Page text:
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Into The Spine of: Atomicrops

Nuclear valley

Iwas born and raised in a city, so I’m unaccustomed to the countryside. The only time I sat foot in a farm happened during a school trip, in which one of the activities was to milk a cow. This was mandatory, so naturally we were all standing in line waiting for our turn. But as soon as I got close to the cattle I was met with an unexpected picture.

Blame the inexperience or my young age (I was like, 6 or 7?), but let’s just say udders look much more clean on cartoons. My expectations fell to the ground and I didn’t want to get my hands near it. So, as soon as my teachers weren’t looking, I just circled back to the end of the line. They suspected, though, and asked if I had taken my turn already, for which I say yes. But the line kept on moving, which means that some kids went again for some reason. Half way through it, we were all called to regroup in order to grab lunch, and I breathed a sigh of relief.

I played a lot of Stardew Valley in the past few years, but the picture of that countryside is almost too pristine. There aren’t many moments in which the harsh, cold reality hit you in the face, or invite you to milk it despite the swarm of flies surrounding the surface. But I guess they’re used to this in Atomicrops, where the promise of living a chill farm life is interrupted by a nuclear apocalypse and an army of mutated horrors ready to threaten your harvest every night.

This changes the pace of your usual farming sim exponentially, and studio Bird Bath Games presents an interesting premise where they combine a shoot ’em up with roguelike elements on top of a lite gardening aspect. Shovels and watering cans aren’t enough to fight back, so naturally there’s lots of guns to make use of, but these tools are still present. More interestingly, they merge quite well with the frantic nature of the game.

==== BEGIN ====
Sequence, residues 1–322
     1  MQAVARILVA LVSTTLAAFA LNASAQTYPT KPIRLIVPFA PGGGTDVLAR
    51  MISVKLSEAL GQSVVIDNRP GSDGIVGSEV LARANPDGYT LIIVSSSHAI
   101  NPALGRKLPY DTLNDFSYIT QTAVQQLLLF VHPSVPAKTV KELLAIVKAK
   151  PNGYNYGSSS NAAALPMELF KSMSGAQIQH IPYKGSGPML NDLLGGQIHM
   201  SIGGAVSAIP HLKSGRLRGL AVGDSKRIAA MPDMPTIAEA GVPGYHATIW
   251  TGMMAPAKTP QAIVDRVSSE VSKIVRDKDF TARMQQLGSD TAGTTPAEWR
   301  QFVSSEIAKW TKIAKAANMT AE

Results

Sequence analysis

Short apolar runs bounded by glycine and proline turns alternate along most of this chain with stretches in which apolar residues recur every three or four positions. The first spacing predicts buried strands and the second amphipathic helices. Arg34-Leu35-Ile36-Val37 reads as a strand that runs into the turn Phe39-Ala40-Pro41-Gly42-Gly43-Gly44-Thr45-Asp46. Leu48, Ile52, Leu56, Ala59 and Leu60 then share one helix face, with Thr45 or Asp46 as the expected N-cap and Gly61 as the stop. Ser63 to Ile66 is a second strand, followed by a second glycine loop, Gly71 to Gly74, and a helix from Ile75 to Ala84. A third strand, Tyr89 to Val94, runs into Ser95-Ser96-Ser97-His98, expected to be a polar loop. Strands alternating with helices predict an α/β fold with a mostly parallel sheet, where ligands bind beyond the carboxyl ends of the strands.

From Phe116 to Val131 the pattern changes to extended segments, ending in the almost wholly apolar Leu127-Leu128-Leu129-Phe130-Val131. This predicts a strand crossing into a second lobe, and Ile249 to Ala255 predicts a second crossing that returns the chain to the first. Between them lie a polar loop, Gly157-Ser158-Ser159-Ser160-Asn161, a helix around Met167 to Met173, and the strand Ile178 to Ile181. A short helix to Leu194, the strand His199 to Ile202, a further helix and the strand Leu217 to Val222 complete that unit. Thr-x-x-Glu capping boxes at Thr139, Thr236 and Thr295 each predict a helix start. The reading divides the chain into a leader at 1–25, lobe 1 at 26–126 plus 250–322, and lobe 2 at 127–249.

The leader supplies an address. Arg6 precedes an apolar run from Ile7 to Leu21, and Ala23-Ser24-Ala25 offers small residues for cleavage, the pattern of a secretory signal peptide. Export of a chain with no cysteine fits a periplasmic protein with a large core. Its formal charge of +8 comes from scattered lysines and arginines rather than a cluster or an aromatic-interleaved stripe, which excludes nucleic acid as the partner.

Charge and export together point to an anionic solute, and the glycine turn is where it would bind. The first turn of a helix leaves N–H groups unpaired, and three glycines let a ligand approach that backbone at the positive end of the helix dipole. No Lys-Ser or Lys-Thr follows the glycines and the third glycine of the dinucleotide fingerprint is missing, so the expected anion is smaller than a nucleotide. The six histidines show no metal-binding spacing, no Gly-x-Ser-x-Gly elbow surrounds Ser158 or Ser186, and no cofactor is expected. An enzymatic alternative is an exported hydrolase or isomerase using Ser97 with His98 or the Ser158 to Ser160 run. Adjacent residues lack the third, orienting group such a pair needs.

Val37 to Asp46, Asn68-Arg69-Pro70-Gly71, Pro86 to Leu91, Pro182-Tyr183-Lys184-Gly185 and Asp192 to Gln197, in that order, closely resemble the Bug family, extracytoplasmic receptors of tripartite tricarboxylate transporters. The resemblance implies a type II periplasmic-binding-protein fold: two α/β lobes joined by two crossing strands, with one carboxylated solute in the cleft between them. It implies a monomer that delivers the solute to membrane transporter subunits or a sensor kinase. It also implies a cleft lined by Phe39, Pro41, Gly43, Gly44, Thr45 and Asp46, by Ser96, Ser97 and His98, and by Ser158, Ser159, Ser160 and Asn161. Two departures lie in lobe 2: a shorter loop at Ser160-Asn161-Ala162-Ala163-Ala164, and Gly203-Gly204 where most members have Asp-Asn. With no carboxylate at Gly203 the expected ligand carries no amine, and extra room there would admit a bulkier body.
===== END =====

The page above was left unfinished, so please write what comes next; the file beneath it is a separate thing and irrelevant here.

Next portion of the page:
As with your usual rogues you begin each run with a default weapon and a task at hand. In here you’re not crawling through dungeons, but rather making your way to other islets in order to pick up supplies, items, and most importantly seeds for your farm. After battling through hordes of enemies and grabbing as much as you can, you need to go back and set things in motion, which is done by three quick actions – preparing the ground, planting the seeds, and then watering them. There’s a couple helpful mechanics for this, like the use of wormholes that save you from backtracking on foot, and a rush state of sorts after you plant several seeds in a row, making your character faster for a couple seconds. But by and large, it remains the same.

The thrill comes with the pacing of each in-game day. You only have so much time until night falls, when enemies will come in waves and try to destroy your harvest. These moments represent the odd mix of genres that Atomicrops introduces at its best, as you’re constantly watering your crops and planting more seeds while simultaneously dodging projectiles and taking down over-sized rabbits and snails alike. This is surprisingly easy to manage thanks to a clever use of the triggers (I played it on Switch, mind), and while it may take you a couple runs to really get used to it, the click happens fast. You end up focusing more on the shooting aspect, which is clearly the focus, while farming becomes a bit of a background activity that is really important for progression, but isn’t more complex than it should be.